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Our nation's history would not be complete without the story of Santa Fe​

From the Vatican to the City of Holy Faith

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Igor Stravinsky conducting at the Cathedral of St. Francis of Assisi in Santa Fe.

There are so many precious artifacts located inside the Cathedral Basilica of St. Francis of Assisi. From La Conquistadora, this nation’s oldest Madonna, to the reliquary containing some of the most important relics in Catholicism. One item of religious and historic significance is a plaque dedicated to the great 20th century composer, Igor Stravinsky. As a matter of fact, today marks one of the most historic events that took place at the cathedral. On August 18, 1963 Igor Stravinsky accepted the Papal Knighthood of St. Sylvester.

Two Diverse Friendships Blossom

The plaque dedicated to Igor Stravinsky at the Cathedral Basilica of St. Francis of Assisi.

Stravinsky conducted his choral masterpiece “Canticum Sacrum” for 3,000 people at St. Mark’s Basilica in Venice in 1956. In the audience that night was Cardinal Roncalli, who immediately became a Stravinsky devotee. Two years later in 1958 the Patriarch of Venice became Pope John XXIII. That same year the Russian maestro accepted John Crosby’s invitation to come to Santa Fe. His opera  “The Rake Progress,” became a part of the 1957 inaugural season.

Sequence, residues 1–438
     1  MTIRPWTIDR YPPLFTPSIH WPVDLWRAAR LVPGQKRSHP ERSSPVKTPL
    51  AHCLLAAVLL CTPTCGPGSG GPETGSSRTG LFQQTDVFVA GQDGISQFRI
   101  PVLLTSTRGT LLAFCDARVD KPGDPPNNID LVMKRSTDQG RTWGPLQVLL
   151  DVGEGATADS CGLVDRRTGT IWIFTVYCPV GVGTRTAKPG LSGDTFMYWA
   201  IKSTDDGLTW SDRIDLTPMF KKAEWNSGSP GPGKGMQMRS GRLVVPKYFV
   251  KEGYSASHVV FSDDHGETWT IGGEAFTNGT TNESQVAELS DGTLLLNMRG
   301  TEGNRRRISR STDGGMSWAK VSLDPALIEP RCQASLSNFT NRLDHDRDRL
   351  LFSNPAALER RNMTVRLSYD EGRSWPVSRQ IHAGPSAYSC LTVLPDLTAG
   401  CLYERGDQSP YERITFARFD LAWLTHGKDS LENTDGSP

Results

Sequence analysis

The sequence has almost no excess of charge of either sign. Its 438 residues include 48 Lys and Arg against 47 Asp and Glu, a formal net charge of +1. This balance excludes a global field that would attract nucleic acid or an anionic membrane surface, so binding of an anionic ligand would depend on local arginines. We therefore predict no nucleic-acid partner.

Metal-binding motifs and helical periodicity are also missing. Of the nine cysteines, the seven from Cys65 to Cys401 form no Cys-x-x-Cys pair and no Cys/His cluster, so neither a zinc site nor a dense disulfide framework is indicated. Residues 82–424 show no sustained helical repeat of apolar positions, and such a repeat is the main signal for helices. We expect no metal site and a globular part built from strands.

The End of An Era

In 1963 Pope John XXIII invited Stravinsky to conduct his ethereal piece “Mass” at the Vatican in 1963.   The spiritual composition never came to fruition at St. Peter’s Basilica. The Pope died on June 3, 1963. Instead, Stravinsky performed “Mass” at St. Francis Cathedral on August 18, 1963. The maestro dedicated that performance to his friend, Pope John XXIII. Upon conclusion of the concert Stravinsky received the Papal Knighthood of Saint Sylvester. It had been conferred upon him by the Pope, shortly before his death. That was Stravinsky’s last performance in Santa Fe.

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